I deeply regret the need to report that in a number of other areas there has been no change since my speech to the Council in September 2016 regarding this essential question of access. In the south-east region of Turkey, our efforts to inquire into allegations of serious violations continue to be denied, while the volume of people awaiting trial across the country makes it difficult to imagine due process guarantees are being respected.
Despite repeated high-level requests to India and Pakistan, permission for my staff to have unconditional access to both sides of the Line of Control in India-Administered Jammu and Kashmir and Pakistan-Administered Kashmir has still not been granted, and we continue to receive reports of increasing violence, civilian casualties, curfews and website blackouts.
In Venezuela, the growing human rights crisis - including killings of at least 60 people, according to the Attorney General, as well as widespread shortages and hunger - highlights the increasingly urgent need for an impartial analysis and rapid assistance. I urge the Government to accept my request for a mission to the country at working level.
As this Council is aware, where the human rights situation appears critical, and where access is repeatedly denied to my Office, the only option open to us may be to conduct various forms of remote monitoring. So long as refusals to enable access persist, I will be compelled to consider reporting publicly and regularly on their findings.
Last week, the Central African Republic authorities, OHCHR and MINUSCA launched the human rights Mapping Report. It is our sincere hope that this report will galvanise national and international efforts to fight impunity and send a strong signal that justice will be done to all those who are engaged in or backing the current wave of appalling violence threatening the country.
Guatemala recently extended the host agreement of my country office for three more years, a welcome development. However, I regret that the OHCHR country office in Bolivia will close at the end of the year, following the Government's decision. We will nonetheless continue to follow the human rights situation in Bolivia to the extent possible.
Every State has accepted that it "is the duty of States, regardless of their political, economic and cultural systems, to promote and protect all human rights and fundamental freedoms" - to reprise the Vienna Declaration. Every State is party to at least one of the nine core human rights treaties. And it would be intolerable if delegations were to conclude that by maintaining minimal engagement with the human rights mechanisms they can evade or betray those commitments to their own peoples, and to the peoples of the world.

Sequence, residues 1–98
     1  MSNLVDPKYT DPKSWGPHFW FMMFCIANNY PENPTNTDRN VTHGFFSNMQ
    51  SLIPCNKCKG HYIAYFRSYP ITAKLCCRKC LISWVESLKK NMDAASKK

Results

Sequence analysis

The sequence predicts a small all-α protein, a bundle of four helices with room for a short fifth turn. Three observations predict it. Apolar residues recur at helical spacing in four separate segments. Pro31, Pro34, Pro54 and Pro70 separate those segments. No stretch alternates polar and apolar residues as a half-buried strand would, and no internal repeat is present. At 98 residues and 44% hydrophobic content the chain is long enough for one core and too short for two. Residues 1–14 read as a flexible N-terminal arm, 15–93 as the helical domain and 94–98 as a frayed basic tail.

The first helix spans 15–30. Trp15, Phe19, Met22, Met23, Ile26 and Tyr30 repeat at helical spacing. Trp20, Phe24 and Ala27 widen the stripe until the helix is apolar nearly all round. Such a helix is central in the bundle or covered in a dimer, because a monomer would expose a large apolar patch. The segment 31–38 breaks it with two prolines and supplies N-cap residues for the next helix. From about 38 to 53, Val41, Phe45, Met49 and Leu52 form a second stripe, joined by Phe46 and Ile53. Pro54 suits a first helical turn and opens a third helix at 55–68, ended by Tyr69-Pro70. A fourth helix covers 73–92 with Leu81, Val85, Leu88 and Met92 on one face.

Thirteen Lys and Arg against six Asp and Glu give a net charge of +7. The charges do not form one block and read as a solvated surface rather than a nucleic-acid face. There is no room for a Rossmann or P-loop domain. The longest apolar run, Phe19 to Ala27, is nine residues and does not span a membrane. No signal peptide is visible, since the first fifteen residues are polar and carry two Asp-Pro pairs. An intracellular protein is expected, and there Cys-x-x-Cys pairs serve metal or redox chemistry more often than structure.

Leaders may wish to deny this reality, but whether we like it or not, humanity is connected. The torture of children in Daraa in March 2011, and violent attacks by the Syrian security forces on the subsequent protests by their parents, neighbours and supporters have led to a conflict whose slaughter, destruction and shockwaves continue to wreak havoc well beyond Syria's borders. We see again and again, more and more brutally, around us the results of discrimination, deprivation and injustice - in the escalation of crises and suffering, and the outbreak of war.
Whether or not individual leaders consider this truth convenient, it is nonetheless a fact that denial of human rights in one county concerns every State in the Organisation.
To achieve progress in human rights takes a great deal more than the flourish of a signature at the bottom of a document. My Office, the Council's Special Procedures and the Treaty Bodies offer States the benefit of objective and expert scrutiny, extensive experience, and practical, targeted tools.
I believe we have a tremendous opportunity to build on the Secretary-General's commitment to prevention, and on the 2030 Agenda, which is powered by a drive to end discrimination on any grounds built around a core of commitment to rights - most particularly the right to development. We can use these entry points to develop new openings for human rights work that can impact the lives of vast numbers of people. But the principal responsibility for opening those doors still rests on Governments, Excellencies, and on this Council.

(Zeid Ra'ad Al Hussein, the UN High Commissioner for Human Rights, in his address to the 35th session of the UN Human Rights Council in Geneva). K